Stray cattle are destroying crops? Yes, it’s true. And it’s happening in northern Sri Lanka. Currently, Sri Lankan farmers are dealing with an estimated 40,000 stray cows, grazing in herds averaging between 20 and 300, that are damaging land used to grow food and support Sri Lankan livelihoods. Despite ongoing efforts by authorities to round up the animals, vaccinate them and return them to their owners, cows continue to roam freely, eating away at newly planted crops and leaving many farmers unsure of what to do.
According to an IRIN article, these cows were left behind when their owners fled fighting between government forces—a conflict that went on for more than two decades. In 2009, when Sri Lankans escaped the violence and ended up in Internally Displaced Persons camps (IDPs), the northern province of Sri Lanka was completely depopulated and the land was decimated.
Restoring agriculture after two years of chaos, destruction, displacement, and social upheaval, is a tremendous challenge, and the problem of stray cattle is just one of the many challenges farmers are facing.
AJWS’s grantees in Sri Lanka are working with groups of women farmers—many of whom lost their husbands during the conflict—to collectively farm the land and produce their own natural fertilizers to forego expensive and environmentally damaging chemicals. These small-scale farming collectives allow women to keep their children with them while they work and to provide enough food for their family. What’s more, they offer women the opportunity to provide locally grown food to their communities rather than paying inflated prices for agricultural products brought in from industrial farms in other parts of the country.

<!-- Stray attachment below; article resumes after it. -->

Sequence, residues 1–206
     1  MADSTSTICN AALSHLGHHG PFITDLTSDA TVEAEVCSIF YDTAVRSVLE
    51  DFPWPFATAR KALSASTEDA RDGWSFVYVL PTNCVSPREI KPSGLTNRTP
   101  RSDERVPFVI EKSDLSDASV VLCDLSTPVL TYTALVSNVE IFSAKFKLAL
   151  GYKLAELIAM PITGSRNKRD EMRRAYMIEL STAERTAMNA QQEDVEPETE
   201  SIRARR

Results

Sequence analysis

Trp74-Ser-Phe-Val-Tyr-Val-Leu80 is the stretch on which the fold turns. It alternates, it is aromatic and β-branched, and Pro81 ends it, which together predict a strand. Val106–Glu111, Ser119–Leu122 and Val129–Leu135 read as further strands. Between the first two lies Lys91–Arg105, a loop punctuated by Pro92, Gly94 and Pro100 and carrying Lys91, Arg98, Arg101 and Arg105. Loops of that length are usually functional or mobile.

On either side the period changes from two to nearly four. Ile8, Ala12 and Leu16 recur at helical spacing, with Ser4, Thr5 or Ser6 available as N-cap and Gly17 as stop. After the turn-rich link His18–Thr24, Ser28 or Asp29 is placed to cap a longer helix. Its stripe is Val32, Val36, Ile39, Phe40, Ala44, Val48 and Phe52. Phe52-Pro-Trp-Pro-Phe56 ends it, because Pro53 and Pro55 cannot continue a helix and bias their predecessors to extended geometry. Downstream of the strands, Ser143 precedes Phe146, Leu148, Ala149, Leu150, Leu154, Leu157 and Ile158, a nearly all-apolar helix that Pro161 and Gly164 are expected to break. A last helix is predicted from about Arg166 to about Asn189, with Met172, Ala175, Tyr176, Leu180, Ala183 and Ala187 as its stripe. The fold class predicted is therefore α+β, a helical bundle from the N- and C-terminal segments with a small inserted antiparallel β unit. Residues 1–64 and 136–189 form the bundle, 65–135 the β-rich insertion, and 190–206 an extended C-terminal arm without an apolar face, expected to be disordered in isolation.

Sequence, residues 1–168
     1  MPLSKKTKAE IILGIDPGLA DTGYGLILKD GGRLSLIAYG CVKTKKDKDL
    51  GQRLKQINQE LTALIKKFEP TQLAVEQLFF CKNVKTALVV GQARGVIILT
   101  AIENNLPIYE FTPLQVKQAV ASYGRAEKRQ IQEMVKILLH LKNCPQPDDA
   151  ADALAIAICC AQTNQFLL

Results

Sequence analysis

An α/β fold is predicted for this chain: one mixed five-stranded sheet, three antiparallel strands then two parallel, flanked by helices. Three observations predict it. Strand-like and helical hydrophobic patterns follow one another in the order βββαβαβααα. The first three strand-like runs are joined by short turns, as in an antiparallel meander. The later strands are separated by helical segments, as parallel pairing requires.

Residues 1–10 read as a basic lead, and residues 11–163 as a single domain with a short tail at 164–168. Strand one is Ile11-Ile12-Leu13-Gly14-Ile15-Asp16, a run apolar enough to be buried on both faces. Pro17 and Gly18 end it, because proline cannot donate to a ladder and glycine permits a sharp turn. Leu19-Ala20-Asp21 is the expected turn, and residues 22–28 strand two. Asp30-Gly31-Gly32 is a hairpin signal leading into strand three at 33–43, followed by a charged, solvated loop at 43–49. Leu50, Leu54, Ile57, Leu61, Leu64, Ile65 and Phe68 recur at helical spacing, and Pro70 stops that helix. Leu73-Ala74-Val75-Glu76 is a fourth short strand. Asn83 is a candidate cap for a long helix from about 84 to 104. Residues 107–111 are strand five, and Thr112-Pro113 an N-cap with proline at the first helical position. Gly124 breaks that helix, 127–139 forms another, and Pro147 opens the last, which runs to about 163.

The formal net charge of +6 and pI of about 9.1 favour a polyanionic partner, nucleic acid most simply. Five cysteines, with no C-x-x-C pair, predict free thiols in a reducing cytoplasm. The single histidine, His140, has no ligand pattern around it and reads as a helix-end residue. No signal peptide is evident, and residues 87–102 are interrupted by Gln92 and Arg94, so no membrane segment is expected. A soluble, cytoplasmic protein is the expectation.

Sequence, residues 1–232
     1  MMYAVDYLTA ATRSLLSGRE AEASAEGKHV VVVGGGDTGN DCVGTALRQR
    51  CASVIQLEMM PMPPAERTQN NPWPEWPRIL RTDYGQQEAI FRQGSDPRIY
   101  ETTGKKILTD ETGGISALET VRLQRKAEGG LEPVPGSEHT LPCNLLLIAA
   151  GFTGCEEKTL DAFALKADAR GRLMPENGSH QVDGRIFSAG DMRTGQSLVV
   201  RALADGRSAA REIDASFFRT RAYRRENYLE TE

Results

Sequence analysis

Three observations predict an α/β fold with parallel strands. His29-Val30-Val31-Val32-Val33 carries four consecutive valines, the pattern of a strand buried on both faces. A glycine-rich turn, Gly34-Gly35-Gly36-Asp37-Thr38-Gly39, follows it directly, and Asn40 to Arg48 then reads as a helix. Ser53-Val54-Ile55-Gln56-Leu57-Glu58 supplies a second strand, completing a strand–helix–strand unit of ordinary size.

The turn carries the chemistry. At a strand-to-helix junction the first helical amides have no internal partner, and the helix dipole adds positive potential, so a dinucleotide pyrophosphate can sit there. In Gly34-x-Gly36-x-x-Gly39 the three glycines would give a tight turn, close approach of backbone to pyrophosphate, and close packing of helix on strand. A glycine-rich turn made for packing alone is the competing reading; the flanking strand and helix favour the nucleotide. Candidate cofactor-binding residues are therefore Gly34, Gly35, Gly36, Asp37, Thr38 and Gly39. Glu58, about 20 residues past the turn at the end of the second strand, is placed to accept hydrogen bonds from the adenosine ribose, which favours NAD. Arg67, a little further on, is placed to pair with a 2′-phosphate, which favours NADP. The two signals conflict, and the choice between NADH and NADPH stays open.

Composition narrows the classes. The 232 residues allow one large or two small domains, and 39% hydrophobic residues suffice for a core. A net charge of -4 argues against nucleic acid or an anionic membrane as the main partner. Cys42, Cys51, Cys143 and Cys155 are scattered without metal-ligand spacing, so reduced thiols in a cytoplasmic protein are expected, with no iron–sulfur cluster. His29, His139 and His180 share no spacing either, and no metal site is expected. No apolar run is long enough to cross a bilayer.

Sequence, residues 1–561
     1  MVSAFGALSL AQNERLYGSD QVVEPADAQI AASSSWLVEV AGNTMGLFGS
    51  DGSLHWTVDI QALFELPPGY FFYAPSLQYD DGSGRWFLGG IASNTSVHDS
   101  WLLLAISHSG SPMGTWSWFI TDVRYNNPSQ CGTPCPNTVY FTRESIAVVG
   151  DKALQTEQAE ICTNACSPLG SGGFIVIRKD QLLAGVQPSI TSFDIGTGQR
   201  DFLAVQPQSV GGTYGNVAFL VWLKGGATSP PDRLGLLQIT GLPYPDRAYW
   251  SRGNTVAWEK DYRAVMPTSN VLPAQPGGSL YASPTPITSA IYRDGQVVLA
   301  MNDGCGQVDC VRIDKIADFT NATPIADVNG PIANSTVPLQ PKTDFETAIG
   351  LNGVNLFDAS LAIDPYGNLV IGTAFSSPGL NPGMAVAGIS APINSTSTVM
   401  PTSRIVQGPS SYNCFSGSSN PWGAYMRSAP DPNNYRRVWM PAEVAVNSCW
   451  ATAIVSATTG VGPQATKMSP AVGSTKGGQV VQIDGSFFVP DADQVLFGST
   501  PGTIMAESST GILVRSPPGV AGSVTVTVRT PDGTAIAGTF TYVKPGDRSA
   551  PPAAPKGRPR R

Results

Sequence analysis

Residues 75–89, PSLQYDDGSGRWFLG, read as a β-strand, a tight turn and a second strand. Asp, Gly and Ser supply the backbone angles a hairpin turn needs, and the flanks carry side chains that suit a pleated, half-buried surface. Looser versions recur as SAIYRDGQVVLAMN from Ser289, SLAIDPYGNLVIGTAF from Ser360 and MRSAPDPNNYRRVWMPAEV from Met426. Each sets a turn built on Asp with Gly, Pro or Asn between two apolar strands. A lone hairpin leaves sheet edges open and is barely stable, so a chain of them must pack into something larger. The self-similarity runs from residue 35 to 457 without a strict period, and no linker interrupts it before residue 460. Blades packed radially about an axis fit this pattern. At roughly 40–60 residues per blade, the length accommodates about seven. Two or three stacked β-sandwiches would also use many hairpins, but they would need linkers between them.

If the problem of stray cattle persist, however, these women may find that their livelihoods will be profoundly threatened.
“It’s not until the morning that we see the damage,” said Christine Gurukularajah, a 57-year-old farmer who cultivates 45 hectares of paddy and vegetables in Tharmapuram village in Kilinochchi District.
To date, the Food and Agriculture Organization (FAO) has already rounded up stray herds and has delivered about 20,000 animals to their former owners or to new ones. But there still a long way to go before the problem is solved.